|Publication number||US5431700 A|
|Application number||US 08/220,235|
|Publication date||Jul 11, 1995|
|Filing date||Mar 30, 1994|
|Priority date||Mar 30, 1994|
|Also published as||DE69528101D1, DE69528101T2, EP0675526A1, EP0675526B1|
|Publication number||08220235, 220235, US 5431700 A, US 5431700A, US-A-5431700, US5431700 A, US5431700A|
|Inventors||Ben J. Sloan|
|Original Assignee||Fsi International, Inc.|
|Export Citation||BiBTeX, EndNote, RefMan|
|Patent Citations (10), Referenced by (78), Classifications (8), Legal Events (6)|
|External Links: USPTO, USPTO Assignment, Espacenet|
This invention relates to a bake/chill station for processing semiconductor wafers in the production of circuit chips, and more particularly to a bake/chill station wherein no intermediate handling step is required.
The processing of semiconductor wafers in the manufacture of circuit chips requires precise bake and subsequent rechill of the wafers, in order to cause a layer of material applied to the top surface of the wafer to set or harden.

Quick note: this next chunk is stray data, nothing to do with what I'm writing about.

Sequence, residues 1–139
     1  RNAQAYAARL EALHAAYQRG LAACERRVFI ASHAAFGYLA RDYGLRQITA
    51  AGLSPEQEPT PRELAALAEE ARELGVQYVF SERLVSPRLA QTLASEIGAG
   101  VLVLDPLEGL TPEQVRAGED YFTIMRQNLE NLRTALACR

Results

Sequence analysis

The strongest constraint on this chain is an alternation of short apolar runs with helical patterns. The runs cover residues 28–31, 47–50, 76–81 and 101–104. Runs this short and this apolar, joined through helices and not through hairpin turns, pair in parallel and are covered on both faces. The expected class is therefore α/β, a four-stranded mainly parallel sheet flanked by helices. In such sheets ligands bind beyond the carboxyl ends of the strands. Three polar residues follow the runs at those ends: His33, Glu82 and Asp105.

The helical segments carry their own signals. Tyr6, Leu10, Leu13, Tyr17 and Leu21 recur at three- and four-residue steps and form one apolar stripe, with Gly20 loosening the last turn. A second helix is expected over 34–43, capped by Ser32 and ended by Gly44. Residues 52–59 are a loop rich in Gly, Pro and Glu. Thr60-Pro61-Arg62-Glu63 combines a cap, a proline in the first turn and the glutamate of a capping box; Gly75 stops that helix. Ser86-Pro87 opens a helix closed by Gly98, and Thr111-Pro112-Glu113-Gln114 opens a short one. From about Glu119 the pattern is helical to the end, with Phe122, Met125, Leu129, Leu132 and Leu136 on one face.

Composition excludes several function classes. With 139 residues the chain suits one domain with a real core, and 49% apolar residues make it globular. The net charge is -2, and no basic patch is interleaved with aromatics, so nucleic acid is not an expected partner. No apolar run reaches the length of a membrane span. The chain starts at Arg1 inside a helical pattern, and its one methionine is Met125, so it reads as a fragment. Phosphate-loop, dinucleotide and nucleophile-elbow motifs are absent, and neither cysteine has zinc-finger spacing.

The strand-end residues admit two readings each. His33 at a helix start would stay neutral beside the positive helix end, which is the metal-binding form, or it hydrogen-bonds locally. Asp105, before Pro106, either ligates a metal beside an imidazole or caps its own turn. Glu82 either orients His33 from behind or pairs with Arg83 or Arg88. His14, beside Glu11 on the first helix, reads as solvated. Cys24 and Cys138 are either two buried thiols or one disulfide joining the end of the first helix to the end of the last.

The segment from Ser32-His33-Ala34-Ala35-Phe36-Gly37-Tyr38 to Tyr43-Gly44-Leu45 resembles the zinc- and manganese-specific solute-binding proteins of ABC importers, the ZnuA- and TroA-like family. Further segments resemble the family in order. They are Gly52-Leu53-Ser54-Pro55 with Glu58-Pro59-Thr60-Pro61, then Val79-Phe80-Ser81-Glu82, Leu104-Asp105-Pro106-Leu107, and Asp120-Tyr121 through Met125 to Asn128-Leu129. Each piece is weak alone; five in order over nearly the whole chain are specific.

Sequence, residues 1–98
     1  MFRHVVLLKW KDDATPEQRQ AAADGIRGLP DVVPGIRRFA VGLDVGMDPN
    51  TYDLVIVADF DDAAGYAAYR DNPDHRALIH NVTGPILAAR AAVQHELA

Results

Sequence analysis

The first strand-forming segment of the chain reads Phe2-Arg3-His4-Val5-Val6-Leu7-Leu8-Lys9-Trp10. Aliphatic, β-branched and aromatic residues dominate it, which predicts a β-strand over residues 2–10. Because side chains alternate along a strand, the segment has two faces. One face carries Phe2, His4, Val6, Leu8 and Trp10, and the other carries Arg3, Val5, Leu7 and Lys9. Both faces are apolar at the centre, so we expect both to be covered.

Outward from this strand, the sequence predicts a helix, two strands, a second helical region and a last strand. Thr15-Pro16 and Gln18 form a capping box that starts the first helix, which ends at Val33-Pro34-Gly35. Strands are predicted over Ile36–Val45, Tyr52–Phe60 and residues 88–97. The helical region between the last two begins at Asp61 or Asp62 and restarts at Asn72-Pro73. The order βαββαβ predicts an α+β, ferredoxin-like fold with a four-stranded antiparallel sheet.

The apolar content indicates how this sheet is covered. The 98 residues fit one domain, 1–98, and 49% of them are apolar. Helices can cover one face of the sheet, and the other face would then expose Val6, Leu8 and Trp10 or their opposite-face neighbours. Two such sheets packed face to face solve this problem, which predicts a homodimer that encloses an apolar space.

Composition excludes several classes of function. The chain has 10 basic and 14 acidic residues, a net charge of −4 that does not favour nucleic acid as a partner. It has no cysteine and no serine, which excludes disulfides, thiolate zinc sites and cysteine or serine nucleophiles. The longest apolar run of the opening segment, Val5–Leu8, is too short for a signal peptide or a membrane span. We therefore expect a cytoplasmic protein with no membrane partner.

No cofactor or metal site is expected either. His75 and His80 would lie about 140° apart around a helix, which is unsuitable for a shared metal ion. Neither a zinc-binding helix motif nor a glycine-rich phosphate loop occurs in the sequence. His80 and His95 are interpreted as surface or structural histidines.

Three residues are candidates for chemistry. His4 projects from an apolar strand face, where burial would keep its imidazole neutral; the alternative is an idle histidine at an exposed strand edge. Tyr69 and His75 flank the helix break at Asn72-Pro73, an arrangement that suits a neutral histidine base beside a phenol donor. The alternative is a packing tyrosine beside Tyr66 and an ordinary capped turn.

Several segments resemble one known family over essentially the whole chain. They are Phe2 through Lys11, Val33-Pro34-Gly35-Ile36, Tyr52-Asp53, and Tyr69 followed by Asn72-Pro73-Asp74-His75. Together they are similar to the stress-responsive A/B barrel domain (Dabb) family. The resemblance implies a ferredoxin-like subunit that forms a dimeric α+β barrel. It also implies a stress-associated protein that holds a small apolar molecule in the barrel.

The bake and chill steps are usually performed by separate bake plates and chill plates, with a mechanical move of the hot wafer between the plates. Such an approach presents a number of problems. First, the handling required by the mechanical move introduces the possibility of contamination of the wafer. Second, throughput of the manufacturing process is reduced, because of the mechanical move required between the plates. Third, the time of the bake cycle and the time of the chill cycle can not be precisely controlled, because of the time required to move the wafer to and from the respective plates. Fourth, the cost of equipment is higher than it need be, because the bake and chill plates are not integrated into one housing.